Eye problems often represent not seeing things the way someone else sees them (disagreements).
While walking to the store when I lived in Tucson, I thought of a girlfriend. Immediately, a gnat flew into my right eye and irritated it.
Returning home, the same place reminded me of her again, and a second gnat flew into my right eye and irritated it.
I stomped inside the room I rented, thinking, “Now I can think about her in a gnat-free environment.”
My eyelashes immediately scratched my right cornea, and my eye teared for the better part of an hour.
David A. Steere, Ph.D. (Bodily Expressions in Psychotherapy, 1982) wrote …
“Recurrent blinking is a […] script sign and is usually accompanied by confusion and failure to see things clearly. Rita often blinked uncontrollably when she began talking about herself. On two occasions she got lost coming to group, although she had successfully driven there for several weeks. She did not ‘see’ her turn, nor did she ‘see’ her reluctance to come on those evenings. She also failed to see any rebellion in her marriage to a person of another race, even though her father who was a fundamentalist preacher opposed it bitterly. Often there is some underlying trauma which accompanies blinking, coupled with a fear of injury or untoward consequences. Margo blinked rapidly when someone became angry and, at other times, produced a series of squints or half-blinks while looking aside and contemplating something painful from her past. She carried with her a fear of being struck near the eye across the left side of her face, with a vague sense that this had once happened to her as an infant in her crib. She was also terrified at the thought that someone would punch her in the eyes, reflecting the memory of the small boy next door who punched out the eyes of her three kittens while she watched helplessly. The frequent occurrence of such phenomena leads me to posit still another injunction alongside the familiar ones we have discussed – the injunction, ‘Don’t see.’ Effective redecisions are followed by strong self-assertion and the willingness to look at situations in one’s life and see them clearly.”
Eyes are seldom “strained.”
George S. Derby, M.D. (“Ocular Neuroses: An Important Cause of So-Called Eyestrain,” The Journal of the American Medical Association, Sept. 27, 1930) wrote …
“I wish we could banish the term eyestrain from our vocabulary. If the general public could learn that eyes are seldom strained, this would be a much happier world we live in. The fact of the matter is that the eye is provided with a large factor of safety and that healthy eyes do not become diseased even by excessive use. During the course of the year I see a large number of young men from various professional schools who are carrying heavy programs of work. Frequently the system rebels and the trouble may center in the eyes. In practically all cases they have been burning the candle at both ends, neglecting regular meals, sufficient sleep, fresh air and exercise. To do hard eye work one must keep the body fit. A discussion with them of their habits of life and suggestions for improvement is of far more value than simply writing a prescription for a pair of glasses; yet that is what the average ophthalmologist is likely to do.”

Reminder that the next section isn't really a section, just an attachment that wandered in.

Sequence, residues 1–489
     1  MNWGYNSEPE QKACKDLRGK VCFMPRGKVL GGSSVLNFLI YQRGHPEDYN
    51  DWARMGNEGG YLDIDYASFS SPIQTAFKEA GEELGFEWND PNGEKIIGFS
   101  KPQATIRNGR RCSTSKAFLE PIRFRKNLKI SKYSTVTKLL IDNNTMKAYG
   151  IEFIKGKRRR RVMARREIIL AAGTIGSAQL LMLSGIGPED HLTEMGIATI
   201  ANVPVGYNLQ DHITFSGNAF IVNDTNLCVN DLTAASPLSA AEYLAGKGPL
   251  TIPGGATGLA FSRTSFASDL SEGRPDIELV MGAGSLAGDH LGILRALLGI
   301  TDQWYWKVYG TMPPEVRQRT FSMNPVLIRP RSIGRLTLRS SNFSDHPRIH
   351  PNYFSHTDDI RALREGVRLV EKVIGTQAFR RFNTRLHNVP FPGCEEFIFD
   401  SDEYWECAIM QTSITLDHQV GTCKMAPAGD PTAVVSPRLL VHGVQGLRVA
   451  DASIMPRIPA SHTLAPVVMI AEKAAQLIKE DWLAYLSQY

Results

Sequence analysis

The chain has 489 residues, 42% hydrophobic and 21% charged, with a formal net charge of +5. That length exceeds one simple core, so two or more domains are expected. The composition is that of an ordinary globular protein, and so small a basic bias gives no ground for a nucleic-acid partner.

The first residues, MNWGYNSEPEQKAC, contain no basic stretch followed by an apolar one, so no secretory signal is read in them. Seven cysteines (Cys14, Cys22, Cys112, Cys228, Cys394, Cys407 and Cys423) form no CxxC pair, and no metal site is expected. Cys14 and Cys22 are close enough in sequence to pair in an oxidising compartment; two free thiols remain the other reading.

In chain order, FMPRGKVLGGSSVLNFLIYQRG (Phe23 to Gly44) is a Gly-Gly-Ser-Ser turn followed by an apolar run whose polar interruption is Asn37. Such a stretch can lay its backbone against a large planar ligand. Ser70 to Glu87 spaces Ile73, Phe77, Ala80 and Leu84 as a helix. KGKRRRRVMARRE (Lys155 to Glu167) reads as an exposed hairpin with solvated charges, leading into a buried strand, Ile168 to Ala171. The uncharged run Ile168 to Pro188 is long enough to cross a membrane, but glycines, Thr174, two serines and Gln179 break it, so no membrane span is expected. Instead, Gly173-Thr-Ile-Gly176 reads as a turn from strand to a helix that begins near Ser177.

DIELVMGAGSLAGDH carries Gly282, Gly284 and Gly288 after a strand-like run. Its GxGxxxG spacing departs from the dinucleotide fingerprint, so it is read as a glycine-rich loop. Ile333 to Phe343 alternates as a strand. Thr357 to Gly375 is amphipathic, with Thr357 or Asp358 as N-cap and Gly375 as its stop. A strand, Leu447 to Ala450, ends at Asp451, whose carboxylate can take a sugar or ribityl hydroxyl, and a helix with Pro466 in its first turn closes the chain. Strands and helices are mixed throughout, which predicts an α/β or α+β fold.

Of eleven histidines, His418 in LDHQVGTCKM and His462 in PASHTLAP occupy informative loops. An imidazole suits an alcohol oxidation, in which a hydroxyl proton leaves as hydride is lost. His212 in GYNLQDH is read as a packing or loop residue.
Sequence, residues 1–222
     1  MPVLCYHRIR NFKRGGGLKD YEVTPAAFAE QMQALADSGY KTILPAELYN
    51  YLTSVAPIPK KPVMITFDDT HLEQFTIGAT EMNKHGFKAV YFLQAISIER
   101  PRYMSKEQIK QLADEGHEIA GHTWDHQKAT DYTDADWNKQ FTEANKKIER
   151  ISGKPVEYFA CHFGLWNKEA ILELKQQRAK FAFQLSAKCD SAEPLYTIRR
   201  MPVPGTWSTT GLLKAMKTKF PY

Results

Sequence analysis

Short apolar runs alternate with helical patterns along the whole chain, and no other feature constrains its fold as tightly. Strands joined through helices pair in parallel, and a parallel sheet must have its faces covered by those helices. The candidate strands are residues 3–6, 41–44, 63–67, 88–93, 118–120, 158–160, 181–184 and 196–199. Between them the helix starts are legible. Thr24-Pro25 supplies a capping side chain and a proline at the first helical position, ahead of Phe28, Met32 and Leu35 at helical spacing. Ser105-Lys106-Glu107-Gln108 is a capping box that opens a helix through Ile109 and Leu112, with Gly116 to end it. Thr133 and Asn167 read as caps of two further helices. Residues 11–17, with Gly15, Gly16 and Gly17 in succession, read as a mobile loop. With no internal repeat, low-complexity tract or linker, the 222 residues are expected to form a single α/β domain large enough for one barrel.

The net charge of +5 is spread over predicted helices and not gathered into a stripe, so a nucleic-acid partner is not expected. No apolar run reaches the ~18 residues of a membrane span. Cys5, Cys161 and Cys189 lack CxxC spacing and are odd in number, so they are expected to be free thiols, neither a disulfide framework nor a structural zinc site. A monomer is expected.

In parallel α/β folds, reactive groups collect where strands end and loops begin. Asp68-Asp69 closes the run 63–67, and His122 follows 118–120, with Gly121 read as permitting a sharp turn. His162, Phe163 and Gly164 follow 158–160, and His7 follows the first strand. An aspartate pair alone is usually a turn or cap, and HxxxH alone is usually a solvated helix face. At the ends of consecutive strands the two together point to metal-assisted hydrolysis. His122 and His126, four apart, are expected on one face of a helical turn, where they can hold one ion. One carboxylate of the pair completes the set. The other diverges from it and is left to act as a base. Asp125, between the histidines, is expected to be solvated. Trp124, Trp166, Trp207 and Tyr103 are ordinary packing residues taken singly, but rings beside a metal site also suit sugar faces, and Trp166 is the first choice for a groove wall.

RED-FLAG LANGUAGINGindicators influencing eye challenges include …
“I see,” “look here,” “I don’t want to see it,” “I don’t see things that way,” “I see through you,” “look me straight in the eye,” “he’s blind as a bat,” “she’s the apple of my eye,” “she gave me the eye,” “he has his eye on me,” “he looks up to me,” “he’s squint-eyed [prejudiced] about it,” “you mustn’t look,” “seeing is believing,” “the eye is the window to the soul,” “love is blind,” “it’s the blind leading the blind,” “he can’t see past his nose,” “he’s got eyes in the back of his head,” “he gave me the evil eye,” “it’s an eye for an eye,” “the mote in your brother’s eye,” “hindsight is easier than foresight,” “he’s so mad he can’t see straight,” etc.
That last figure of speech applies to me – I was cross-eyed till I had an operation in 1954.
November 23, 2011 @ 12:51 pm atomb
Re: What about glaucoma?
Hostility and aggressiveness are often associated with glaucoma.
Glaucoma patients are “visual-minded to an unusual degree,” quoting Franz Alexander, M.D.
Helen Flanders Dunbar, M.D. (Emotions and Bodily Changes: A Survey of Literature on Psychosomatic Interrelationships 1910-1953, Fourth Edition, 1935, 1954) wrote …
“Glaucoma blinds at least 20,000 persons in the United States each year; many more lose the sight of one eye. Yet this syndrome yields rather readily to psychotherapy.”
November 24, 2011 @ 9:58 am jim
What about blephoral spasm?
November 24, 2011 @ 1:14 pm atomb
Blepharospasm (eyelid spasm) is connected to a psychogenic tremor – as is myoclonus.
So is cervical dystonia (neck twisting).
Chronic eyelid spasm is sometimes severe enough to cause blindness.
“Who’s the matter with me?” takes precedence over “What’s the matter with me?”
I’m a TWITCHOLOGIST by profession.
A neurologist investigated one of my client’s neurological symptoms and diagnosed them as common and normal “myoclonic jerks.”
I commented, “Doctor, the humor of it is that I make my living by interpreting myoclonic jerks!”